Jenny Lind

By Michael Schreiber

Jenny Lind was the first international superstar of the musical world. The frenzy over her visit to the United States in 1850 even surpassed that of the “British Invasion” of the Beatles a century later. Yet those who met the “Swedish Nightingale” described her as being incredibly modest and generous. She gave large sums of money to charities and the poor, and regularly gave free concerts at Swedish churches in America—including one at Gloria Dei (Old Swedes’ Church) in Queen Village.

Nells Laickan (1666-1721)

Nils Lycon died at ‘Pour Island’ on December 4, 1721 at the age of 55, survived by his wife and six daughters.*

On January 12, 1691. ‘Nicholas Nellson’ asked the Board of Property to replace his meadow north of Philadelphia because it was being drowned by a new mill. Otherwise, however, he was known as Nils Lycon (by its many spellings), the eldest son of Peter Nilsson Lycon. He lived on a tract adjoining Shackamaxon known as ‘Poor Island,’ granted to his father in 1680, surveyed in 1683, and conveyed to him before his father’s death.

Captain Joseph Blewer (1734–1789)

Rev. Carl Magnus Wrangel married Joseph Blewer and Sarah Lindenmeyer at Gloria Dei Church on September 26, 1759.

Joseph Blewer being a ship captain assumed an active role in the War of Independence. In November 1775 Captain Blewer was in Cambridge, Massachusetts and was directed by General George Washington to deliver a letter to John Hancock, President of the Continental Congress. In June1776 Benjamin Franklin and others including Captain Blewer met at Carpenter’s Hall creating the Committee of the City, Council of Safety.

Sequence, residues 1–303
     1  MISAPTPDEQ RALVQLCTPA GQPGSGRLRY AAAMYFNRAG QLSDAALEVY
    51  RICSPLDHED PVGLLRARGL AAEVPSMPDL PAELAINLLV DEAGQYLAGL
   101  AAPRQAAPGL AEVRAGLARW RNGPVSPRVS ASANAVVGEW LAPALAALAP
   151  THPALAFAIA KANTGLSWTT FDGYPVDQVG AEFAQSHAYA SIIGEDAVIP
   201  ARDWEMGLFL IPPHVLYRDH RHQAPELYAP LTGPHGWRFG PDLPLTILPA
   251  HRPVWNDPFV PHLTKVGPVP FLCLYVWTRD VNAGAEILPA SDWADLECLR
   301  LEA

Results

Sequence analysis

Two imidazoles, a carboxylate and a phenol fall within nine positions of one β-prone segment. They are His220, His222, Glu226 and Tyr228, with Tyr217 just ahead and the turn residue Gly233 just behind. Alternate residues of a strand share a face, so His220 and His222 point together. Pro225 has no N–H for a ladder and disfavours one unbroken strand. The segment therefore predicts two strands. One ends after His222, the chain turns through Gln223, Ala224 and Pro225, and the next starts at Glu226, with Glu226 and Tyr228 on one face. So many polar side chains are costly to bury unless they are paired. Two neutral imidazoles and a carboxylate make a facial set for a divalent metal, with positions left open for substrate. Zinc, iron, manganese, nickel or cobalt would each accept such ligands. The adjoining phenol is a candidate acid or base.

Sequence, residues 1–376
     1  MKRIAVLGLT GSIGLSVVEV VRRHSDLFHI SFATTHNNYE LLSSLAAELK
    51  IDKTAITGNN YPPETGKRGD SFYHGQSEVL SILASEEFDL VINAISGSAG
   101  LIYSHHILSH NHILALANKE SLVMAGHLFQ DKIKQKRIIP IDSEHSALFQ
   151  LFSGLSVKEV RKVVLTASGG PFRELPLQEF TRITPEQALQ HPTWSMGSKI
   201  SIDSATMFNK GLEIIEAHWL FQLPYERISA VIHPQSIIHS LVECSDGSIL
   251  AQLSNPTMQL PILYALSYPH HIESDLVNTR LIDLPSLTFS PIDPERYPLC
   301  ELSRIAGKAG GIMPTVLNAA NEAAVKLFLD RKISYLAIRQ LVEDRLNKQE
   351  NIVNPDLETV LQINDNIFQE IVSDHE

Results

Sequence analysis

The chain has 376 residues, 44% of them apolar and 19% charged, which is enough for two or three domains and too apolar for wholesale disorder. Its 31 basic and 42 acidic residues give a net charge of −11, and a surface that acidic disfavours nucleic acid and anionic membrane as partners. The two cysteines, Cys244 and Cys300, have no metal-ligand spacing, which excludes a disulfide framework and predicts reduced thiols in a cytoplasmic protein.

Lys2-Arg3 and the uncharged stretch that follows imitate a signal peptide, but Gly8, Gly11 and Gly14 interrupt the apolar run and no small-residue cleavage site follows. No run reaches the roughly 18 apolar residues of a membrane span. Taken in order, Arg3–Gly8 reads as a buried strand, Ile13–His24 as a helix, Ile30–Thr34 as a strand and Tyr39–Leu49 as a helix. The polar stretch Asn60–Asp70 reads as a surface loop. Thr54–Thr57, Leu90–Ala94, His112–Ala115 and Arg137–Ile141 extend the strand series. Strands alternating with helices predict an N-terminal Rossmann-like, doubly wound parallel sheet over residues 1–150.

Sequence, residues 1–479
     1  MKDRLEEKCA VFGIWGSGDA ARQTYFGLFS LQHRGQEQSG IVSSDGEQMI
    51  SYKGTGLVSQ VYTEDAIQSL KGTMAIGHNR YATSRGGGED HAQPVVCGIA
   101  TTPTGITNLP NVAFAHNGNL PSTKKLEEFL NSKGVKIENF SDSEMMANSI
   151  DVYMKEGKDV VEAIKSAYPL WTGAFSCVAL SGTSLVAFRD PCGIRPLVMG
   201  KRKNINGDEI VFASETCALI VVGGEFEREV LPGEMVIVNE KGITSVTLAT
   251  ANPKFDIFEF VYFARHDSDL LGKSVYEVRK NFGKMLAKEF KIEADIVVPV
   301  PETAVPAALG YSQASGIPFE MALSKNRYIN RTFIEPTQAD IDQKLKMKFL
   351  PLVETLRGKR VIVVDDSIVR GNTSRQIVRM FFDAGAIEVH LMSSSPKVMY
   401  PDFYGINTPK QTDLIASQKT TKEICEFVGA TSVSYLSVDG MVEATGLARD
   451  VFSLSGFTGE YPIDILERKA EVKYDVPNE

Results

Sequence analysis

Sarah J. Fosque (1828-1903)

“Mrs. Sarah J. Fosque, aged seventy-five years, died suddenly at the Virginia Home for Incurables Sunday morning about 5 o’clock.  She was subject to heart attacks and this disease as the cause of her demise.  A few moments before she died she rang the bell for a nurse and told her when she came that she wanted the doctor at once.  Before he could get down the steps she was dead.

The remains were shipped yesterday to Philadelphia, where she was born and had a number of relatives.  She married Captain William F. Fosque, of Accomac County, and survived him several years.  She possessed considerable property at the time of her death and was by no means a charity patient at home.  She was a staunch but very liberal minded Episcopalian, frequently, when in better health, attending Methodist camp-meetings and taking great interest in the work of all denominations.  She thought Easter the choicest day on the calendar and this was the day of her death.”

Source: “Obituary.” Richmond Times 14 April 1903: 2. Print.

Reverend John Craig Roak (1898-1989)

John Craig Roak served as Gloria Dei’s rector from 1933 to 1972. Reverend Roak guided his congregation through the end of the Great Depression, World War II, the Cold War and all but the very end of the United States’ involvement in Viet Nam. Social changes during his tenure at Gloria Dei included the Great Migration of African Americans from the South, the Civil Rights Movement, the rekindled Women’s Movement that began in the 1960’s, President Lyndon Johnson’s experiment with the Great Society, and increasing immigration from “new” parts of the world, especially Southeastern Asia and Latin America.

Reverend Jehu Curtis Clay (1792-1863)

Jehu Curtis Clay served twice as an assistant to Nils Collin, and succeeded him in 1831. Clay was Gloria Dei’s pastor during some of the most difficult times in the history of the United States: the sectional controversy of the 1850’s, and the first years of the Civil War. He also guided the congregation through an era of impressive growth and fundamental change. The sexton’s house and the present rectory were both constructed in the 1830’s. In the 1840’s, the annex churches at Kingsessing and Upper Merion separated from Gloria Dei, and all three joined the Episcopal Diocese of Pennsylvania. Gloria Dei was renovated extensively, a necessity for a congregation that outgrew its church building.